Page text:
No MeSH data available.


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Example of DWI in active inflammation: a axial T1 fat-saturated post-contrast image shows thickened enhancing ileum with typical stratified enhancement pattern (arrow); b corresponding DWI (b = 800) and c ADC map confirm restricted diffusion with persistent high signal (arrow) on the DWI and low signal (arrow) on the ADC map (ROI = 1,200)
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Fig11: Example of DWI in active inflammation: a axial T1 fat-saturated post-contrast image shows thickened enhancing ileum with typical stratified enhancement pattern (arrow); b corresponding DWI (b = 800) and c ADC map confirm restricted diffusion with persistent high signal (arrow) on the DWI and low signal (arrow) on the ADC map (ROI = 1,200)

Mentions: In the last 5 years, there have been several studies [25–27] that have suggested that DWI may have an adjunctive role in the assessment of disease activity in affected bowel. Either visual assessment of DWI or quantitative assessment of the ADC value can be made. Restricted diffusion in affected bowel segments is more likely in active inflammation (Fig. 11a-c) compared to fibrostenotic disease [25–27].Fig. 11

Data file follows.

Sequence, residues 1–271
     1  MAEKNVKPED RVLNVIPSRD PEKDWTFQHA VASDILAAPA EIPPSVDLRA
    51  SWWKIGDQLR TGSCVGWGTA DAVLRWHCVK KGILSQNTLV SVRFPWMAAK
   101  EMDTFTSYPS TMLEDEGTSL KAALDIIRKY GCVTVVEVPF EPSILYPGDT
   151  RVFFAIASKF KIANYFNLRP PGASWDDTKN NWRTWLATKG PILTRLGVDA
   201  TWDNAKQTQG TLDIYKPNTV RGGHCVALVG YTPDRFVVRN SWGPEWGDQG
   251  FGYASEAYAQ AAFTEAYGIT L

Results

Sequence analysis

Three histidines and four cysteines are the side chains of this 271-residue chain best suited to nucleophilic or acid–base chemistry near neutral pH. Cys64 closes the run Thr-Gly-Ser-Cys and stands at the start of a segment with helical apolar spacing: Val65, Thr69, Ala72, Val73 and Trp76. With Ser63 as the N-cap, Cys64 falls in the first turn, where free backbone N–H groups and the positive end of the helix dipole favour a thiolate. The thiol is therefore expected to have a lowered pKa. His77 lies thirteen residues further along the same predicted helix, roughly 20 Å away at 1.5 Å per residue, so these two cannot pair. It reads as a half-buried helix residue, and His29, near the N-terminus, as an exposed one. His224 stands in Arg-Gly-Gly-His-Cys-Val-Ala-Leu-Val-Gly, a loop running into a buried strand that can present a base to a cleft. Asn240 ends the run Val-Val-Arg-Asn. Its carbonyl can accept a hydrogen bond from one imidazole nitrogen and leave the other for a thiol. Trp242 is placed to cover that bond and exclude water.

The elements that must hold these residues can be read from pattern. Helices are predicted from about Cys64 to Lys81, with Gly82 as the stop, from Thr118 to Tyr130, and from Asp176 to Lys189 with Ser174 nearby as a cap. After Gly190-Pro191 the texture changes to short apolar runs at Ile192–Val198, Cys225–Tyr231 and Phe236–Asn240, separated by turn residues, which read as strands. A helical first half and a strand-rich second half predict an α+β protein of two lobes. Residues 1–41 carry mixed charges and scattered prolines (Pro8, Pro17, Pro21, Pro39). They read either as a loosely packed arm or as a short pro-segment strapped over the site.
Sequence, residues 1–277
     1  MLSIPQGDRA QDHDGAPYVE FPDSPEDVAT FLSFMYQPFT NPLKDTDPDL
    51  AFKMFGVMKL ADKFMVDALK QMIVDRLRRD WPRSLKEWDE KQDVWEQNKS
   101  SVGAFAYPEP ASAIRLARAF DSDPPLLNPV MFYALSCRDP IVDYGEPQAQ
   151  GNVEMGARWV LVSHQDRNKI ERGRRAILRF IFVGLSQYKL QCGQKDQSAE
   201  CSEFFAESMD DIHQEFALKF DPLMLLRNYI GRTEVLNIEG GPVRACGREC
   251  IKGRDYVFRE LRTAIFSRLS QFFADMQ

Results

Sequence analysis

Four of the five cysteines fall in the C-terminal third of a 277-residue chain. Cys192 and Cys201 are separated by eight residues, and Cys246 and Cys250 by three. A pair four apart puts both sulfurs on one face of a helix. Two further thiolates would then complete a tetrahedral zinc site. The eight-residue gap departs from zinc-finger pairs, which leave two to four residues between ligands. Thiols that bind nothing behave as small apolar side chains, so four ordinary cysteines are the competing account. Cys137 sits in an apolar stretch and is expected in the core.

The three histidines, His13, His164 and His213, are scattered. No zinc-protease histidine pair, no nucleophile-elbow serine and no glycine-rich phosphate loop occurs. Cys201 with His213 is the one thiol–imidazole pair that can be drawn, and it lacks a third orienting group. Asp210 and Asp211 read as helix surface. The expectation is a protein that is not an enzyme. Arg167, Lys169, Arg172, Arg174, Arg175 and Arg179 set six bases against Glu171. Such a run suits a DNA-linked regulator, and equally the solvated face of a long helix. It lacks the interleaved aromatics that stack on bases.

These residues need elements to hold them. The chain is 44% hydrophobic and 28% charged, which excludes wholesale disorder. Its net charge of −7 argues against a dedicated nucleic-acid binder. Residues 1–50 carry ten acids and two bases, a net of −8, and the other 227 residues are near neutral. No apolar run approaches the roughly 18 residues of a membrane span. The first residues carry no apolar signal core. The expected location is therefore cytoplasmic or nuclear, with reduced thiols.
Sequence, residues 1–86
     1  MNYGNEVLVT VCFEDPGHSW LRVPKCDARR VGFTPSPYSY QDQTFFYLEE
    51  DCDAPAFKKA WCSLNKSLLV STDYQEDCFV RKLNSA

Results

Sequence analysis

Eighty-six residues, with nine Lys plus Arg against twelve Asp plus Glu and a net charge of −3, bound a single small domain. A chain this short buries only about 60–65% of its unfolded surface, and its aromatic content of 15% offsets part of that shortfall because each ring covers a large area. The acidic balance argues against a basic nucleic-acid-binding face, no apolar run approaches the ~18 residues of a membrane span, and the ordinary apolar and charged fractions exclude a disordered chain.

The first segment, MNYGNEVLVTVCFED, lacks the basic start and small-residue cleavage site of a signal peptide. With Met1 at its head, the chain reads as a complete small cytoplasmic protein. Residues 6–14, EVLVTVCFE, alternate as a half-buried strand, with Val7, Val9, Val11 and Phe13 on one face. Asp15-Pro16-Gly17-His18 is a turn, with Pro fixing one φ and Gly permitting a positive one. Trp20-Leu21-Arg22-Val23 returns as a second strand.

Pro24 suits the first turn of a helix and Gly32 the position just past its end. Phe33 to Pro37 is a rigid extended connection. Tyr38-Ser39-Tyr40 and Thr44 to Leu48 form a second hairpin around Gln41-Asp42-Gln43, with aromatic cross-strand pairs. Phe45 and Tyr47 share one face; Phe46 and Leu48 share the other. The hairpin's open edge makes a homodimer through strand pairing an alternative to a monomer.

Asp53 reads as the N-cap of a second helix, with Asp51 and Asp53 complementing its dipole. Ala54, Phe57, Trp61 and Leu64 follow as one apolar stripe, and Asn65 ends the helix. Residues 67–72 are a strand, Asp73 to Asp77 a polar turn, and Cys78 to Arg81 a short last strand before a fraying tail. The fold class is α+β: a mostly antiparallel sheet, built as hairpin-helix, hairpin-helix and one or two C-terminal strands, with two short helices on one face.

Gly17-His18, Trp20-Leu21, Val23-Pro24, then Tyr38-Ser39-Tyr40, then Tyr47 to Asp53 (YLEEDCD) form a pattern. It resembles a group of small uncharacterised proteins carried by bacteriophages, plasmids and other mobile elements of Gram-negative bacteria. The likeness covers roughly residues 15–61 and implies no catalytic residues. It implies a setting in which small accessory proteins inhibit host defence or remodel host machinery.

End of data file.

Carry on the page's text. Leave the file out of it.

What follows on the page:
Small bowel MR enterography: problem solving in Crohn's disease.

Griffin N, Grant LA, Anderson S, Irving P, Sanderson J - Insights Imaging (2012)

Example of DWI in active inflammation: a axial T1 fat-saturated post-contrast image shows thickened enhancing ileum with typical stratified enhancement pattern (arrow); b corresponding DWI (b = 800) and c ADC map confirm restricted diffusion with persistent high signal (arrow) on the DWI and low signal (arrow) on the ADC map (ROI = 1,200)
© Copyright Policy
Related In: Results  -  Collection

Show All Figures
getmorefigures.php?uid=PMC3369125&req=5